I’ve done a complete 180. With The First Avenger and now The Winter Soldier, Captain America has gone from, in my opinion, the most boring Marvel superhero with his own movie to the most interesting. He has impressive strength, speed and agility, but he’s not “superhuman” or invincible like Thor or the Hulk, nor is he aided by impressive technology like Iron Man. He may be the face of American heroism, but the 70 years he spent in frozen limbo has turned him into a vulnerable young/old man struggling to find his place in the new world order.
I was surprised that 2011’s The First Avenger turned out to be such a good film, one that cleverly made fun of the patriotism Captain America stood for while providing well-executed action sequences. That raised the hype for the sequel, and I’m glad to report that The Winter Soldier does not disappoint. With a few caveats, the film is a success, at least on par with its predecessor and ranks a few steps behind the first Iron Man and The Avengers as the best of the whole Avengers franchise.
The story is a natural progression from the events in The Avengers. Captain America, aka Steve Rogers (Chris Evans), is still working for SHIELD as a loyal soldier following the “incident” in New York (as they keep referring to in each post-Avengers film). Following a rescue mission aboard a SHIELD vessel along with the Black Widow, Natasha Ramanoff (Scarlett Johansson), the Captain begins to question the organization he works for and the motives of its frightening new project. It’s the catalyst that puts Captain America on a dangerous new journey of self-discovery that will force him to confront demons from his past and a battle against a new villain, the mysterious Winter Soldier.
The film plays out like it should, with a few minor but not completely unexpected surprises along the way. It’s biggest strength is its ability to mix things up a little so that the film doesn’t simply feel like its predecessor. The modern setting of course helps, but I enjoyed the insertion of new stakes and ideas, including being out of touch with the modern world, dealing with post-traumatic stress, the problems with unquestioned loyalty and pondering whether increased government surveillance is for the safety of the people or to control them with fear. Unfortunately, none of the ideas come close to being fully explored — this is a superhero action blockbuster, after all — but it’s better than not having anything intelligent to say at all.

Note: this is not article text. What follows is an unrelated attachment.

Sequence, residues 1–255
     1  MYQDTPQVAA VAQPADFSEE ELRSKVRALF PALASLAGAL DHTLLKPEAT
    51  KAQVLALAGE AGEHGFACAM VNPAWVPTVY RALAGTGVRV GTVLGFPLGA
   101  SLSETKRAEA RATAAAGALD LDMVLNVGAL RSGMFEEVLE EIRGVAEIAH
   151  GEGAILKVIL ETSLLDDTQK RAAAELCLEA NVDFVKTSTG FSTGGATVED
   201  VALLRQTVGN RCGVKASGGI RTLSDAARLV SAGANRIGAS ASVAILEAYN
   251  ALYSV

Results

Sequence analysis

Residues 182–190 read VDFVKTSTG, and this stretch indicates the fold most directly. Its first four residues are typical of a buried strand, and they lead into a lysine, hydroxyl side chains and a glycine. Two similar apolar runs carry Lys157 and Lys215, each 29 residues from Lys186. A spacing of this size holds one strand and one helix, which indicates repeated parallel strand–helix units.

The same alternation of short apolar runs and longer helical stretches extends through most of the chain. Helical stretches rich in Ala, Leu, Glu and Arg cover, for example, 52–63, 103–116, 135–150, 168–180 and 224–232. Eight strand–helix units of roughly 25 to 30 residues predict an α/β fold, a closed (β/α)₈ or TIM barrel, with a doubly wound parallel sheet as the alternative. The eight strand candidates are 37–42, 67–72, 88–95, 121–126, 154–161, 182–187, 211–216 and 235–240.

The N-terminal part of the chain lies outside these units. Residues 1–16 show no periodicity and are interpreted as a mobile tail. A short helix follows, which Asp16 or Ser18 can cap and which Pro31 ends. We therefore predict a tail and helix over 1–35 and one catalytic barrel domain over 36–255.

It’s also great to see Samuel L Jackson’s Nick Fury FINALLY doing something after doing nothing but talk a big game in every Avengers movie to date. One of the best sequences in the entire movie is when Nick is under siege and must pull out all the stops to try and escape death. I also didn’t realise Scarlett Johansson would play such a big role either — she’s essentially the female lead and has the most screen time outside of the Captain himself. And if you think she’s just there for eye candy you better think again, because she kicks ass with the best of them.
There are plenty of other cool positives, such as the presence of screen legend Robert Redford as a senior SHIELD executive, Anthony Mackie as the new sidekick, and a touching sequence where we find out what has happened to Captain America’s first love, Peggy Carter. I did find the addition of Emily VanCamp as Sharon Carter a little jarring, but that’s because I’ve come to think of her as an annoying psycho in TV’s Revenge.
Fans of the comics and the Avengers universe will also be happy to learn that there are many references and hints to other characters who may or may not appear in the franchise in the future. I won’t spoil them (I actually didn’t know most of them) but there are articles which explain for those who want to find out.
I personally enjoy these nice little Easter Eggs sprinkled throughout the film, including a great Pulp Fiction reference right at the end. By the way, I should mention that there are TWO post-credit sequences and you should stay for both of them (I only stayed for one as I didn’t know about the other). One of them ties into the next Avengers film while the only is an epilogue that will no doubt play a role in the third Captain America movie scheduled for 2016.
On the downside, the movie is a slightly overlong at 136 minutes with a couple of unnecessary slow slabs that could have been easily cut out. And while I enjoyed the action scenes I would have preferred less rapid cuts and shaky camera business so we could actually see what was going on. Lastly, The Winter Soldier receives the dubious honour for having the least amount of humour in the entire Avengers franchise. There were a few effective jokes and one-liners here and there, but for the most part the film is incredibly straight, just like its hero.
Overall, this is a highly enjoyable superhero movie and a solid sequel that will ensure that the Marvel money train continues to steamroll everything in its path.
4 stars out of 5